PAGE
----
It failed to land a commercial spacecraft on the moon for the first time. The lander Hakuto-R, from the Japanese company ispace, had sent signals to Earth until just before landing, but after that no contact could be made.
iSpace boss Takeshi Hakamada said at a press conference that it can be assumed that the mission has failed.
The employees eagerly await the landing, until contact with the lunar lander has been broken:
The fact that moon landings do not always go well was already apparent in 2019, when a first landing attempt by a commercial Israeli probe failed after the main engine failed. A few months later, an Indian lander crashed on the surface.
Ispace eventually wants to extract raw materials and water on the moon to set up a manned moon base. With the lander, the company wanted to test the design and technology for it.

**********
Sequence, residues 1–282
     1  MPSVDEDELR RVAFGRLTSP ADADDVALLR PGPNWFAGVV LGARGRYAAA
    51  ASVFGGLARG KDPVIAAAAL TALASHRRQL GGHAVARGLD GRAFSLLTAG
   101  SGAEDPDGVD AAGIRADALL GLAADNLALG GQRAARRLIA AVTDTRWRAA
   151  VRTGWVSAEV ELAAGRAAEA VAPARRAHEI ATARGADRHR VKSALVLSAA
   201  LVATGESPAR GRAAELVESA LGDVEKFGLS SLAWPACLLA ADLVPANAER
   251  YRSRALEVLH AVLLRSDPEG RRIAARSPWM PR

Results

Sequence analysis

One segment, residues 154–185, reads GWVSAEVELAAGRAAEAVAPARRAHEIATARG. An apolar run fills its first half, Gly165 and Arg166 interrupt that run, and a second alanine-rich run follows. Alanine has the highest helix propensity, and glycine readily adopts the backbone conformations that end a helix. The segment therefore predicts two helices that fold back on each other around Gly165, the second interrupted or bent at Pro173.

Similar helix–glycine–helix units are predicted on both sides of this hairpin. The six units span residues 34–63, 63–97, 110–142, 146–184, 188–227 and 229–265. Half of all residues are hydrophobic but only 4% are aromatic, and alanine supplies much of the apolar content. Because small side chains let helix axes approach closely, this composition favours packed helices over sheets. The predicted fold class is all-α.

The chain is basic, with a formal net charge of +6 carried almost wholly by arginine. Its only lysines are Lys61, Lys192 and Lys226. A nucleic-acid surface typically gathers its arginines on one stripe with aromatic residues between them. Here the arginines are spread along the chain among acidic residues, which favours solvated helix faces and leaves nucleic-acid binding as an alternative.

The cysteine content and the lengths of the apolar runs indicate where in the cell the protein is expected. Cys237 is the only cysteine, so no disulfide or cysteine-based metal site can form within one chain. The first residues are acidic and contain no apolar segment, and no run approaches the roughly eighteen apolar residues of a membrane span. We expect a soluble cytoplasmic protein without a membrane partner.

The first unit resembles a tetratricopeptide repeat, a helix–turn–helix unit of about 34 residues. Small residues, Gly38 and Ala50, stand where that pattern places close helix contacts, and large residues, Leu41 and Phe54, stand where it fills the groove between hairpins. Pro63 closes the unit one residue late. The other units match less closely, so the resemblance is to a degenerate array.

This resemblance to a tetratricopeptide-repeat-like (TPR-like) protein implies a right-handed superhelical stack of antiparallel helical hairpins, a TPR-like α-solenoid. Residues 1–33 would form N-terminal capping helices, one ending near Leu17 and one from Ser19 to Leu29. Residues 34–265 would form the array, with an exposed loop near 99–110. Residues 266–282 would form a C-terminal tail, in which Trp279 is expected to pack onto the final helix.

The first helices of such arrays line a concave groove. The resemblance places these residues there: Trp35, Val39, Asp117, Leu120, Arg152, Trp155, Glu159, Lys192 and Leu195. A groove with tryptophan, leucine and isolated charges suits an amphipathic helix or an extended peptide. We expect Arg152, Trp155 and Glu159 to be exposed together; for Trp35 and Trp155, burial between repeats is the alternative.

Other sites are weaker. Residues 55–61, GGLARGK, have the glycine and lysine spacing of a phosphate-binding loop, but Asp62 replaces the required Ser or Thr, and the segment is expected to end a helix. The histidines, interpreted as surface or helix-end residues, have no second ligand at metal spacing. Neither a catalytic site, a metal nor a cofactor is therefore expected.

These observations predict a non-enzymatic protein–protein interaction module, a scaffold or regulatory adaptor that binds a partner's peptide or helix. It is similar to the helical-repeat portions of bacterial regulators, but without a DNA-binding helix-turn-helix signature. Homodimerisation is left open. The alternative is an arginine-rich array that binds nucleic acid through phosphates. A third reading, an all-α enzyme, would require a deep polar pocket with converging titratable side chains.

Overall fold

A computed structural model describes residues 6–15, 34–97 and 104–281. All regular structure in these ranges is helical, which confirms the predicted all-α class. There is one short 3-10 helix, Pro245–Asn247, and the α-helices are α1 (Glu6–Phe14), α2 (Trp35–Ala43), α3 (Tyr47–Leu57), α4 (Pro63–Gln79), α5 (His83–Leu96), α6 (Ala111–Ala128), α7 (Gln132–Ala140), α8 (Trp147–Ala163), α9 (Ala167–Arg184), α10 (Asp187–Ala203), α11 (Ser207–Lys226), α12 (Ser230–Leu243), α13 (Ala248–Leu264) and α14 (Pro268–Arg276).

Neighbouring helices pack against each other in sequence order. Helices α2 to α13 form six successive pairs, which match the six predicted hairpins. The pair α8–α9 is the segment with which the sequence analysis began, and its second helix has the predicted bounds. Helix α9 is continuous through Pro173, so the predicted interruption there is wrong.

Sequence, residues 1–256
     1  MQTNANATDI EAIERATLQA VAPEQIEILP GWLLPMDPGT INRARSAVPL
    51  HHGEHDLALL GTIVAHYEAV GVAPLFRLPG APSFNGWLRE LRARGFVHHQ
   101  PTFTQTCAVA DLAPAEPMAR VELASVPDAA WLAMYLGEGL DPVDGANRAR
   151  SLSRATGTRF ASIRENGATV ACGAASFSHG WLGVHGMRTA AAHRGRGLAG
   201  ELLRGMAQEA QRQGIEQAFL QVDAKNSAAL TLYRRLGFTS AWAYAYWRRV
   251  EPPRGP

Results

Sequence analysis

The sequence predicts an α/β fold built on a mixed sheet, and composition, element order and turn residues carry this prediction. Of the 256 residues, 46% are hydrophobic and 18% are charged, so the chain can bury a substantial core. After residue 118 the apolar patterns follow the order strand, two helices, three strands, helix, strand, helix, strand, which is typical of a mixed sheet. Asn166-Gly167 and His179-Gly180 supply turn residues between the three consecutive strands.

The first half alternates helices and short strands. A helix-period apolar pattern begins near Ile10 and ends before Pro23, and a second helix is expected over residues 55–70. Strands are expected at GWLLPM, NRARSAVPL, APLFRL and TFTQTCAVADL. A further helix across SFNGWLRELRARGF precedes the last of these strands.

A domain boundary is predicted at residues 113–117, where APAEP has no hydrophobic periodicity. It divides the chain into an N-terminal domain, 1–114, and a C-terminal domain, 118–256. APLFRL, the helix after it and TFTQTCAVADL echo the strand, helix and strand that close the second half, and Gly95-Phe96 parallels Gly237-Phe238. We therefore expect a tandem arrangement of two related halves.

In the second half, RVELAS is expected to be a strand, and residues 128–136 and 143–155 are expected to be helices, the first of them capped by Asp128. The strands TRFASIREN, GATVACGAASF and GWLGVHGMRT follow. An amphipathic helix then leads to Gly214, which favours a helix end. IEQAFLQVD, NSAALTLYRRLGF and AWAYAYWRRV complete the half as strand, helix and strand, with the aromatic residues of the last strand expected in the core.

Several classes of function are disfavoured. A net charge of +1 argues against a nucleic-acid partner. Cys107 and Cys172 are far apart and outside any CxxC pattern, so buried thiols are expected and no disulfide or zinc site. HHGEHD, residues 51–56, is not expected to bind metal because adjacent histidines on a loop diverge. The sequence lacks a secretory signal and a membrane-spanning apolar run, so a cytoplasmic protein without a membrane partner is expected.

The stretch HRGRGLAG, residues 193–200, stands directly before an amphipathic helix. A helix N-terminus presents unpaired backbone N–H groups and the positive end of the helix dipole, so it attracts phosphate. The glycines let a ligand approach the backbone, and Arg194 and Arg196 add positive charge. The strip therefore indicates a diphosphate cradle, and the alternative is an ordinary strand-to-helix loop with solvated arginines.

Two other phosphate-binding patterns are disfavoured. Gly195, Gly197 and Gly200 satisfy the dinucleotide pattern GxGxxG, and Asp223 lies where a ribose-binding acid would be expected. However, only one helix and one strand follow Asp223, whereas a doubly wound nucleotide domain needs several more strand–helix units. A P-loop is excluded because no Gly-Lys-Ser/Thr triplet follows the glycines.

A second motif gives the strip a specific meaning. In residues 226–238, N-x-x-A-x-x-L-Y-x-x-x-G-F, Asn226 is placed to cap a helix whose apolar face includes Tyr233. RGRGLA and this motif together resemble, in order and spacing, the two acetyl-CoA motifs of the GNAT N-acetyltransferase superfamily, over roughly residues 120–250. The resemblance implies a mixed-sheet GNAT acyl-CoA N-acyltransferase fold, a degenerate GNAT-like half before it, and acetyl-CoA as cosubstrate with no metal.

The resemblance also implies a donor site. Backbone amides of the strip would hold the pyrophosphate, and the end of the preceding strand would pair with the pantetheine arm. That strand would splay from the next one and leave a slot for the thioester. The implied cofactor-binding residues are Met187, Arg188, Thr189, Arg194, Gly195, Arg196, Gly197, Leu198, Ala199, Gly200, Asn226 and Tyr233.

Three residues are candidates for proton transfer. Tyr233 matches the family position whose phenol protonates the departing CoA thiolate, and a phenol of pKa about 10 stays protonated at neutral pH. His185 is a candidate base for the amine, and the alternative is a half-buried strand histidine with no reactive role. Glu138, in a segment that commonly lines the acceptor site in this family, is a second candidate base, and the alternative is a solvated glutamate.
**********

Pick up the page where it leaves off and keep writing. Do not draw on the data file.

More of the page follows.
The Hakuto mission was the first in a series of planned commercial lunar landings. There are two more US flights scheduled in the coming months alone, Peregrine Mission 1 and Nova-C.
The commercial missions will conduct research into technologies aimed at using lunar resources. The US and Europe want to build a manned base near the south pole of the moon. China and Russia have similar plans. Commercial companies such as Jeff Bezos’ Blue Origin have also set their sights on the moon.
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